In that tuning and playing style, the reason of suggested 2020 concept, it's pragmatic, works fine (if not desired)... for what those typical players want. That said, those are just suggestions, not requirements; probably wouldn't be great chord option (or tuning) for trying to play guitar like full triad strums. 

Edited by - banjoak on 08/30/2019 22:06:08

Aug 30, 2019 - 11:19:13 PM
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janolov

Sweden

39802 posts since 3/7/2006

Just a simple thought: What happens if you in open G tuning makes the "G power" chord - fret second string at third fret and all other strings open?

Sep 1, 2019 - 8:49:05 AM

844 posts since 8/7/2017

All tunings are a compromise, good to remember that. Because:
A) It means there is no perfect-in-all-ways tuning. Our 12 tone chromatic scale (in an octave) simply won't split into 12 always-harmonious intervals - Musicians & mathematicians have wrestled with this for 3000 years, to no universally accepted solution. Equal temperament is one way to split up the octave. There are various Just Intonation ways to split up the octave. And there ways I have not explored (lots of info on the Web if you want to research the subject).

B) You can adjust the tuning to fit what your ears want to hear. There's nothing wrong with experimenting till you get what you like to hear.

C) This is all non-linear stuff, meaning: to the Good, that little changes can make big differences; that tiny tweek may be all that's needed. And meaning: to the Bad, that seemingly little deviations can make big dissonance. For me, this was one of the first non-linear activities I ever experienced in depth. One turn of a screw will advance it a precise, repeatable amount (think micrometer). But one turn of a tuning peg will change tone a very imprecise amount, and that amount is subject to hysteresis and the effect of string ageing. New world for me :-)

Wood and metal change with temperature and humidity. Strings are not reliable - one packet may last for months wrt tone and consonance, but the next packet may last only a few weeks. I've even had some strings play bad right out of the packet (which the maker replaced, just ask them). So, a banjo you left yesterday, playing perfectly to your ear, may, or may not, play perfectly next time you pick it up. Try not to pull out All of your hair :-)

The dissonance between 1st and 2nd string, while playing the 1st position G chord in DoubleC tuning, can be alleviated by adjusting the tension of the 1st string. Of course, this will make other frets play off pitch...this is where your own judgement comes into play: how much perfection in one fret will you require vs introduced imperfections in the rest? I've found it's not necessary, nor maybe even desirable, to get a perfect match, however. I've found that leaving a tiny bit of dissonance can add interest to the "power" chord. This surprized me, I confess :-). In standard G, I will flat the 3rd string a bit to get better tone at the 4th fret B (in songs that need it). Interestingly, also flatting the low D string makes the 3rd G string sound better. Again, the introduced dissonance of 1st D and 4th D add interest to the overall tone of the banjo, to my ears anyway.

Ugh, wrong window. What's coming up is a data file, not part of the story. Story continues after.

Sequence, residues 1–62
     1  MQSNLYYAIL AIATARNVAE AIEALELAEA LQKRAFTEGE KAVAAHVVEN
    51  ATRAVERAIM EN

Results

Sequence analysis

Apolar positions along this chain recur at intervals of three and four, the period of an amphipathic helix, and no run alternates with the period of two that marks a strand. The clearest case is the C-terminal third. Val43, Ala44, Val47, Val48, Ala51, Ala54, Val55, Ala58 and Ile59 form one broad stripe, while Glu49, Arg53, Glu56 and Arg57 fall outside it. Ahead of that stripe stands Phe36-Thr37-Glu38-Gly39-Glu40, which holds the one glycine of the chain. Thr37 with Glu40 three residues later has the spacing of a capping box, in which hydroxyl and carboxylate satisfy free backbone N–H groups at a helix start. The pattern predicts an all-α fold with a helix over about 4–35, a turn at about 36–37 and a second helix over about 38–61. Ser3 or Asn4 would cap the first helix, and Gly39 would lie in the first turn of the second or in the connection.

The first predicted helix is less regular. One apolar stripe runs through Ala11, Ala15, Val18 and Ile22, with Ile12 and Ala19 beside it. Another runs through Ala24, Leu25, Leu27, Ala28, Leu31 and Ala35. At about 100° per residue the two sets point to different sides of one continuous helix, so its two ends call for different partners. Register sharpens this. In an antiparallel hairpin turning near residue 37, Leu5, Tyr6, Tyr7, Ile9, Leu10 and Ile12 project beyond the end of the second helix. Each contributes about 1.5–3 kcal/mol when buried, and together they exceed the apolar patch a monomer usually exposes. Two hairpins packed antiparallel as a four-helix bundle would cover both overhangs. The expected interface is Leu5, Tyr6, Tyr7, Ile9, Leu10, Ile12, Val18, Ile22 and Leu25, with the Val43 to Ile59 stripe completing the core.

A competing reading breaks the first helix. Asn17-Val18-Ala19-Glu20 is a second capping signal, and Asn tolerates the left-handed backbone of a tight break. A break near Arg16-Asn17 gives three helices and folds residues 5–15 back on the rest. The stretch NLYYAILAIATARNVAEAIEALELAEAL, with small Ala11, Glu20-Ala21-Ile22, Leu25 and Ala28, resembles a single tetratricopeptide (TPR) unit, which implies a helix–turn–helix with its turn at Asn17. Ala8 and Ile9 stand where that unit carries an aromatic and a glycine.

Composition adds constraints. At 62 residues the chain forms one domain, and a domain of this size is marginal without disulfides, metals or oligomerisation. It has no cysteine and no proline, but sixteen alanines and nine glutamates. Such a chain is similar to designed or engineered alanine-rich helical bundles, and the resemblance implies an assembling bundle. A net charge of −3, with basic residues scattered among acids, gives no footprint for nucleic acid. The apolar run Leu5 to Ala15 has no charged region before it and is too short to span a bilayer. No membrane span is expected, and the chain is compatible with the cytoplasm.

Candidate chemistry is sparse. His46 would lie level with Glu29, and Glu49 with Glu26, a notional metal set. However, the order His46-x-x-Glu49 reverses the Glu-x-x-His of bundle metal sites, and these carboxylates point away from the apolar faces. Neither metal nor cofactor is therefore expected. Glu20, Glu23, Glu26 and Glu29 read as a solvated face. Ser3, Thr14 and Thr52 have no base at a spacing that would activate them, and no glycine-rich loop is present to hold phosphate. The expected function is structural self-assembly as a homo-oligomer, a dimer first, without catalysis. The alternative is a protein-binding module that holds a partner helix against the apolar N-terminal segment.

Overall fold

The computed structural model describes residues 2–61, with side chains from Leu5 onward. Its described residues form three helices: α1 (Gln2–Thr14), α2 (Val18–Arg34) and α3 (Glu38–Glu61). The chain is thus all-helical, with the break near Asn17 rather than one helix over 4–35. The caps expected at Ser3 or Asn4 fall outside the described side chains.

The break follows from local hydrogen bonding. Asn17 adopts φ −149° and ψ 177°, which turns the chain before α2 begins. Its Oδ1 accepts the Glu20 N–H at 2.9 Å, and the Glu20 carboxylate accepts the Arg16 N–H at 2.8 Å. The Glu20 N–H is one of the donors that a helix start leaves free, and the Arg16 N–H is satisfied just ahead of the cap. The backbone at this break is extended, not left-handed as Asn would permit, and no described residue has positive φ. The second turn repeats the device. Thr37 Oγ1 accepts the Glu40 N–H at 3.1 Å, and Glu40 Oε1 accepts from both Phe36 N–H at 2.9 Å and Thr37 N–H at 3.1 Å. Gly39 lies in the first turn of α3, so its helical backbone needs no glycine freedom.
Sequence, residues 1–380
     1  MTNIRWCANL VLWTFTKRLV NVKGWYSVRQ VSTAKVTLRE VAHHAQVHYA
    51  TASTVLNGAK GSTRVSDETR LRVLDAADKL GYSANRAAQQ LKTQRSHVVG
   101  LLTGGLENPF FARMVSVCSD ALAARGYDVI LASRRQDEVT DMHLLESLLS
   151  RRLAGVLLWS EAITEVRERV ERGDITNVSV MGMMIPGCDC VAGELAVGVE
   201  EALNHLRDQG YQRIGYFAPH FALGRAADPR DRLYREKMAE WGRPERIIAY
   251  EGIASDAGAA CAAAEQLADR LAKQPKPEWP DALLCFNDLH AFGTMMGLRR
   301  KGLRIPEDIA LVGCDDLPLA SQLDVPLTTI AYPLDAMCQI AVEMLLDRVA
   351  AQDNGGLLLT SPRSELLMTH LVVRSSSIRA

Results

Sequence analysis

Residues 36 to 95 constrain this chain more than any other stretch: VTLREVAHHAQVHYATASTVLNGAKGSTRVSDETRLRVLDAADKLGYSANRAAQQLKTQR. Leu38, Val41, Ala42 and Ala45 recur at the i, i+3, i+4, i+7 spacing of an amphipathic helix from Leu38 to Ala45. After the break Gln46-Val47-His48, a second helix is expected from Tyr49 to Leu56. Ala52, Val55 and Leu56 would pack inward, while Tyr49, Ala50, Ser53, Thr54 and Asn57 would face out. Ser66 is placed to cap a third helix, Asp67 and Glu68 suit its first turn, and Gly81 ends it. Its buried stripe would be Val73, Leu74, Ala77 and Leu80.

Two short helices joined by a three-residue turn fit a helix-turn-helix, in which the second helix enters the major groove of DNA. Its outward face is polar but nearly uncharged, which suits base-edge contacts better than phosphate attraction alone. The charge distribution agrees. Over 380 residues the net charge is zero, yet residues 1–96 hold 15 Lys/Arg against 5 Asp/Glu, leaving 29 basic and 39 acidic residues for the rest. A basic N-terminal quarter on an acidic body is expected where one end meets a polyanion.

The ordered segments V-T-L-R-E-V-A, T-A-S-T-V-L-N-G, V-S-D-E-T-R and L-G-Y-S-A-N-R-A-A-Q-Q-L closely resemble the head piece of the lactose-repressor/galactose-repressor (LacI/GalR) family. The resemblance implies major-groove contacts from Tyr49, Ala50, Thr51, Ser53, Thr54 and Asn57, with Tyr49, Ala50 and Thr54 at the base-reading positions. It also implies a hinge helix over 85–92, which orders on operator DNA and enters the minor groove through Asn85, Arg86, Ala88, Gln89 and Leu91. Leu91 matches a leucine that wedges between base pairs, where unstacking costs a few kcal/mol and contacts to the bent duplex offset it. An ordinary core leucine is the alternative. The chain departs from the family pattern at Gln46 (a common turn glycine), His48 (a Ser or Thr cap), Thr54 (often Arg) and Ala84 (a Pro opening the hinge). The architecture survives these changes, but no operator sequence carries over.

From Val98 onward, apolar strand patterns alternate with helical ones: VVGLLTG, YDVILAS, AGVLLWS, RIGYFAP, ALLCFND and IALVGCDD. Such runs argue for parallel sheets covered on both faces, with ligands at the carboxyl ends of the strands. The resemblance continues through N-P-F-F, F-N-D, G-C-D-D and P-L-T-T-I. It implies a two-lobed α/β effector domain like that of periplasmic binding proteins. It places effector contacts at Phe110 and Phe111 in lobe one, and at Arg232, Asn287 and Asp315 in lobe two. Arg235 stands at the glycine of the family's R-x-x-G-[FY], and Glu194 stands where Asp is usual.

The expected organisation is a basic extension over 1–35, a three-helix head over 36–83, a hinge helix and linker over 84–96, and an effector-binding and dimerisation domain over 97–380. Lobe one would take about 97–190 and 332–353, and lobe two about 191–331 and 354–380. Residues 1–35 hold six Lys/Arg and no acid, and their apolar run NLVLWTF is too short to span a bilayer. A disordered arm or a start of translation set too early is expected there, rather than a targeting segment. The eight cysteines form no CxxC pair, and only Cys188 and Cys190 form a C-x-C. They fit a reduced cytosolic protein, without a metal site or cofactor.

I hope you all have fun experimenting. It can be super frustrating, but can also pay great personal rewards.

Hope this helps.

Sep 1, 2019 - 11:42:13 AM
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68 posts since 8/13/2017

On the subject of temperament I came across this video which I found to be quite a striking example of the differences made by the two. I don't know if this is of interest to anyone or not but I found it really interesting to listen to the contrasts

youtube.com/watch?v=Yqa2Hbb_eIs

Sep 1, 2019 - 10:16:18 PM

844 posts since 8/7/2017

wooster

Thanks for the url. I could hear some of the differences, but not the beats he was talking about. I could hear faint wavering, but I could not be sure....bad sound card in my computer, or just a bad ear day :-)

wrt Cmajor vs C#major under "Pure Tempered", the dissonance in the C# chord was dramatic, to the bad. But, when I made the same 2 chords in my Just Intonation tuned double C banjo, I did not get a dissonant C# major chord (or diss. Cmajor either).

I think there is an error in the organ's computation of the "Pure Tempered" 3rd note in C#major chord. The chord sounds fine until he presses the 3rd note organ key, which is too flat for the chord. But my table of Just Intonation (discussed in the thread I cited earlier) shows that the JI 3rd note should be 15 cents sharper than the ET note. In other words, my table would not produce a note that's too flat for the chord....which is what I experienced with my banjo. Math mistakes happen :-/. Or maybe my banjo has been touched with Greatness...too bad the same brush did not swipe the banjo player *grin*.

Or maybe the Pure Tempered calculation version the organ uses does not produce the same offsets from ET as my JI calculation: there are many different Pure Temper schemes. Each shoves the problems with Western 12 tones/octave onto different notes. Some chords are going to be dissonant, and maybe the scheme used for the organ just happened to shove the dissonance onto C#major chord 3rd note.

Anyway, neat to see what can be done with an instrument that's tuned electronically, thanks again for posting.

Edited by - BrooksMT on 09/01/2019 22:21:41